While we have a few modern conveniences (ie, power and internet thanks to the McDonalds at Homer), I’ll write another post before I forget what’s happened. We’re now at Homer, which is as far as the road goes down the Kenai Peninsula. Next stop: Kodiak Island and then the Aleutians, but probably not for us – Denali is calling us.
We had a bit of car trouble yesterday – flat battery ‘cos the headlights were left on for a while, but a nice young man in Seward came with his huge Toyota and gave us a jump-start. We now have our own power pack and jumper leads. While we were parked at the Seward marina we had showers at the Harbor-Master’s building. Hot showers, $2 for 7 minutes. Excellent.
There is a lot of Russian history in the area – Russian churches with onion domes, place names, people’s names. We have seen a few places called ‘Alyeska’ and wondered if that was the Russian name for Alaska. Thanks to Wikipedia, I now know that Alyeska is an archaic spelling of the Aleut word Alaska meaning “mainland”, “great country”, or “great land”. The American state of Alaska derives its name from this word.
As we drove south to Homer, Halibut Fishing Capital of the World, we went along the eastern side of Cook Inlet, with spectacular views across the water to the snow-capped volcanoes and mountains of Lake Clark National Park. We still get surprised that there are so many people, even down here at the edge of Alaska. There are 5 council-run campgrounds, including 3 right on The Spit, a narrow piece of sand that extends south from the town, plus lots of privately-owned RV parks as well. We looked at one, but it looked a lot like a gravel car park full of buses, then went to one of the council-run ones that is not suitable for RVs – small sites, no ‘pull-throughs’ – which means it’s great for tent campers like us. It’s a lovely park set above the town, with amazing views over the bay and across to the glaciers in the Katchemak Bay State Park.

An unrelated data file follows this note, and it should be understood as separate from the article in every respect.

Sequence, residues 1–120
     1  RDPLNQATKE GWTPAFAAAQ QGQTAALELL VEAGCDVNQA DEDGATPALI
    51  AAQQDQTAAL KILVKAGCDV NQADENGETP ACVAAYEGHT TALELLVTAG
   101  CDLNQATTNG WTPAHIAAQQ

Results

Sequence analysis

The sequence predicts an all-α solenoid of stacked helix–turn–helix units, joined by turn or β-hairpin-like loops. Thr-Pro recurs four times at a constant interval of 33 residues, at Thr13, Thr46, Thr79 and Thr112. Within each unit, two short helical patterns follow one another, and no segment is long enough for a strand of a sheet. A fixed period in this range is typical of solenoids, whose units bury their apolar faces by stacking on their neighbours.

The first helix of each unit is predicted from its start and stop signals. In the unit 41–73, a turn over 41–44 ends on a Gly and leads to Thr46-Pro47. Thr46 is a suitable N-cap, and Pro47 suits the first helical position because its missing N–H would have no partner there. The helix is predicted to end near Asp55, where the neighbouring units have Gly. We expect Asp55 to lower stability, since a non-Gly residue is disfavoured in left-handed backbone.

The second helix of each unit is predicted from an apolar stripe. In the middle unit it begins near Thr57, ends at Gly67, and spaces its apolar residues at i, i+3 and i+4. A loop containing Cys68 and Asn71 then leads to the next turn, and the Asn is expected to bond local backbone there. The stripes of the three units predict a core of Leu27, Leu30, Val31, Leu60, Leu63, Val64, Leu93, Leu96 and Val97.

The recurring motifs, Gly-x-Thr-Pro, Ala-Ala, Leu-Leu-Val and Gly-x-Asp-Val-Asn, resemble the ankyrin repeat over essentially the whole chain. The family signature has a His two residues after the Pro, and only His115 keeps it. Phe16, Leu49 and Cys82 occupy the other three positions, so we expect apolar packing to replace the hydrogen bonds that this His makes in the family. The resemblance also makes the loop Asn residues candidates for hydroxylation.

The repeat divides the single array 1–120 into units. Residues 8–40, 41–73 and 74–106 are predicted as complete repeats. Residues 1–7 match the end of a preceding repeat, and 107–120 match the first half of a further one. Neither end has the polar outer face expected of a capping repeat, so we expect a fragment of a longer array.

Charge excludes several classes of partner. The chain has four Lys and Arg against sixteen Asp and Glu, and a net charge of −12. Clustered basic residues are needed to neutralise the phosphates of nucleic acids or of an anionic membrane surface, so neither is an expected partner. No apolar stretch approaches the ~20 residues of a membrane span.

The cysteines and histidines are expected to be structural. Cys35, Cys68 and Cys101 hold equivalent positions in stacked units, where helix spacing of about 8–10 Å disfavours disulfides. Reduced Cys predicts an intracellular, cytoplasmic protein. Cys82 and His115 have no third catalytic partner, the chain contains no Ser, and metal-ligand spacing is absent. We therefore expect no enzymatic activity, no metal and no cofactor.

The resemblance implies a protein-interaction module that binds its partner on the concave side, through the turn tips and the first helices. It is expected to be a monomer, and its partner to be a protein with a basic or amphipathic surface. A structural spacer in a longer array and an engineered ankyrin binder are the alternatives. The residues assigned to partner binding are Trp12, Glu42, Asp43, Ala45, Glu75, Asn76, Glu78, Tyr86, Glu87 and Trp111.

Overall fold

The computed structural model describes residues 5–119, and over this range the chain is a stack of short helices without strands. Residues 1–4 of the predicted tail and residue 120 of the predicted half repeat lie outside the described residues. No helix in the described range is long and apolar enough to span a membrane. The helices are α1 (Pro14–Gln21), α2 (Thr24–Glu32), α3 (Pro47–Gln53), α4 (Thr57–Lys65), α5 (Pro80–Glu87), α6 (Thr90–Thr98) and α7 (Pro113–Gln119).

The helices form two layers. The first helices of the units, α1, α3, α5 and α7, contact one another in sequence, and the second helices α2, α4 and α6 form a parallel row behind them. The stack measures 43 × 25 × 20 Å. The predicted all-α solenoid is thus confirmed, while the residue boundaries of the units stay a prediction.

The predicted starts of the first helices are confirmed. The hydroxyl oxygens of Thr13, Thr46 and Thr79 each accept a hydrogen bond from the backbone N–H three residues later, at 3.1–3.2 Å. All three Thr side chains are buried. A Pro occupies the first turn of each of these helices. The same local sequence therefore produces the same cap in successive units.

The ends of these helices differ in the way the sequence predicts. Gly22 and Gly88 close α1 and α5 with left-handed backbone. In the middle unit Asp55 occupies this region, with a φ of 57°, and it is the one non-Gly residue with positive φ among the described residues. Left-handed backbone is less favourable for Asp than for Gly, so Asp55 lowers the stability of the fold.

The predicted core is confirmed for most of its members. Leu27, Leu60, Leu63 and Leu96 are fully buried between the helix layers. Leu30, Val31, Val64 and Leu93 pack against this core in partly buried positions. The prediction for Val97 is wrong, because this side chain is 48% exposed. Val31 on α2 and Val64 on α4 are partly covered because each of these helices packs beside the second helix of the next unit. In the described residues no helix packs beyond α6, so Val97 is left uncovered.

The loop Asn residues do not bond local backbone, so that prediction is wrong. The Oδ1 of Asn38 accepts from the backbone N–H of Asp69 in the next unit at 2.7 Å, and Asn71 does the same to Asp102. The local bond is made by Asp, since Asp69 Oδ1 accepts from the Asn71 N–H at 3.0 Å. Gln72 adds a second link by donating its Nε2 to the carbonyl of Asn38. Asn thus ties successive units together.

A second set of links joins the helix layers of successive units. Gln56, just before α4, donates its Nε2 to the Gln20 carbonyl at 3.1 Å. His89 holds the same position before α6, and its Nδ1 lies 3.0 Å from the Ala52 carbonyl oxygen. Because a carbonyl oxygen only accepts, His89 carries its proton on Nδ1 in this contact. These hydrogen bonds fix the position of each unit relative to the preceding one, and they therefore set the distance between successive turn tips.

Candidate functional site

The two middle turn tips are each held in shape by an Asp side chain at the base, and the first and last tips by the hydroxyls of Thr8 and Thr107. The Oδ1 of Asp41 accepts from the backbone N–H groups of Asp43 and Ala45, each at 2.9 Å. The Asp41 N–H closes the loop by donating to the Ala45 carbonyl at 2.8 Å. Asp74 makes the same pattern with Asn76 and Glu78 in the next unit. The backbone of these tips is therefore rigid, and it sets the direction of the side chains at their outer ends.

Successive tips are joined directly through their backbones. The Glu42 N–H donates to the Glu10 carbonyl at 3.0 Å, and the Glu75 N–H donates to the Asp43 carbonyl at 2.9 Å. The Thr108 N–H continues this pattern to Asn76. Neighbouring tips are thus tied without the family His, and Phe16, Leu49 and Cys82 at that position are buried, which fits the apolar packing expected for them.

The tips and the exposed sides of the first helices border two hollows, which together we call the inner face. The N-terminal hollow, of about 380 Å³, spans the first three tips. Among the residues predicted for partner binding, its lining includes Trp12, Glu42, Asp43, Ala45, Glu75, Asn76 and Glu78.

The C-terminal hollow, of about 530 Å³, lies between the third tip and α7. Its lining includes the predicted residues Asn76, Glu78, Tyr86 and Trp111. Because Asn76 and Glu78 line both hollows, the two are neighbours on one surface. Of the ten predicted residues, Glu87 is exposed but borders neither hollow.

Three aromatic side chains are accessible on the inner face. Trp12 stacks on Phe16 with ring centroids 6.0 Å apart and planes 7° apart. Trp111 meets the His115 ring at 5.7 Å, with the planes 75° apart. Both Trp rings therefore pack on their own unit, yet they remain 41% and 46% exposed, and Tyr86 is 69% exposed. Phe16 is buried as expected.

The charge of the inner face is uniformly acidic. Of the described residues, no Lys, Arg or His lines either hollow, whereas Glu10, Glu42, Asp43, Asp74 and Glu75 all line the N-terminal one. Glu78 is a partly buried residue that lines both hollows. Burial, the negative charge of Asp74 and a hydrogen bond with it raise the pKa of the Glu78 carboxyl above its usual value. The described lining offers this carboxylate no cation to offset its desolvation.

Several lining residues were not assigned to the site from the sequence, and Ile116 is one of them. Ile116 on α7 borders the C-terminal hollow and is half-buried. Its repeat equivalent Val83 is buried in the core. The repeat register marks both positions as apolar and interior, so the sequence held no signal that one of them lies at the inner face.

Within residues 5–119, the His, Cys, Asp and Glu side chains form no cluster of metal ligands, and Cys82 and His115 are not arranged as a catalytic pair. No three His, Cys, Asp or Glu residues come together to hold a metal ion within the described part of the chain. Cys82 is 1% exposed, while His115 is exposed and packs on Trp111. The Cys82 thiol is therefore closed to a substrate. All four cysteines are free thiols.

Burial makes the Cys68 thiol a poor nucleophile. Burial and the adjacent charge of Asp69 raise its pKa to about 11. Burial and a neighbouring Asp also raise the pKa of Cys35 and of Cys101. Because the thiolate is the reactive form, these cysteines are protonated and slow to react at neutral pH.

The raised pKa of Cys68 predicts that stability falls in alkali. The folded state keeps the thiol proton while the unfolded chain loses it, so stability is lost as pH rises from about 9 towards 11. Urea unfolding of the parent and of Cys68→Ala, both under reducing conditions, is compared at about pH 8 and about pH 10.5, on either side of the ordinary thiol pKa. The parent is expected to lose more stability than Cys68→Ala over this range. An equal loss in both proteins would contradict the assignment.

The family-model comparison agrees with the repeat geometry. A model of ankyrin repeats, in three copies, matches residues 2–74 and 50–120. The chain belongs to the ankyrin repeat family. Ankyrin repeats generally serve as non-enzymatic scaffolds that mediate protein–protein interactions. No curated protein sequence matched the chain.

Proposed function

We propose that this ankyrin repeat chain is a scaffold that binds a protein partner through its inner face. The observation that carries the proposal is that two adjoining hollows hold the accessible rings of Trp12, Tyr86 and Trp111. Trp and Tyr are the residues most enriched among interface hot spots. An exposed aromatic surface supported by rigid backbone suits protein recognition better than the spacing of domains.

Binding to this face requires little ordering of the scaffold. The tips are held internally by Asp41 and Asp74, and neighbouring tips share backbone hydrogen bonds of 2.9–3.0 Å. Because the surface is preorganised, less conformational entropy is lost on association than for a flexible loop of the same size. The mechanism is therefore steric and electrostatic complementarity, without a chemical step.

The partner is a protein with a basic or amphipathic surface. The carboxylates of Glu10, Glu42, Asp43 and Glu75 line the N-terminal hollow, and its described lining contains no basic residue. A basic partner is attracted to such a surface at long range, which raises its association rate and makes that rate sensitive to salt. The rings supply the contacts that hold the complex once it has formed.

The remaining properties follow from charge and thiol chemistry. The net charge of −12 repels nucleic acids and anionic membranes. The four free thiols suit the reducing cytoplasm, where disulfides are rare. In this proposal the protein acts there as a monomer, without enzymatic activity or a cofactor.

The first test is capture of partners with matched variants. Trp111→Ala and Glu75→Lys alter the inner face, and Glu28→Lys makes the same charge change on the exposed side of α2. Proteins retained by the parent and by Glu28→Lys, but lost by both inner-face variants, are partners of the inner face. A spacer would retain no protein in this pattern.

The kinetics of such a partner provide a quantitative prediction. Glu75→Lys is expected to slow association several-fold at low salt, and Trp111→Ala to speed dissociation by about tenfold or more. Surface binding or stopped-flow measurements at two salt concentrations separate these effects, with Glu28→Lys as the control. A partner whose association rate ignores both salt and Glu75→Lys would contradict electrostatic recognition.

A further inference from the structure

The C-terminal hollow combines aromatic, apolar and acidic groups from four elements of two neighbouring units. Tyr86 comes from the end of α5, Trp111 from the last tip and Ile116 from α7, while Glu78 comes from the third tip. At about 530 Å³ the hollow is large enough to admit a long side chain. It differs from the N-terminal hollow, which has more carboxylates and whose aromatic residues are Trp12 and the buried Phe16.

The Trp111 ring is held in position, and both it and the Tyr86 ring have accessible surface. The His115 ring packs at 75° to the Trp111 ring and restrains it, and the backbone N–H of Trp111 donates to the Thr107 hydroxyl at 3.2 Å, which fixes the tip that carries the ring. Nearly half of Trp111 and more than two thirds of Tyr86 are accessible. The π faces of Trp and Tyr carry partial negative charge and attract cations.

The days here are very long – sunset around 11.30pm, sunrise around 3.30am, and it really only gets just a bit dimmer at night anyway. Most days I can only tell that it’s ‘dawn’ or ‘evening’ by birdsong, and then it’s quiet during the 4 or so hours of ‘night’. Our headlight torches won’t get used until we get a long way south of here.
We just had a chat with a local who very proudly showed us photos of a flowering lilac tree that grows in his front yard. Magnificent tree, and it has twice as many flowers this year as this area had a very mild winter because of the drought in California. Unlike the eastern part of the state, and of North American which had a very cold winter.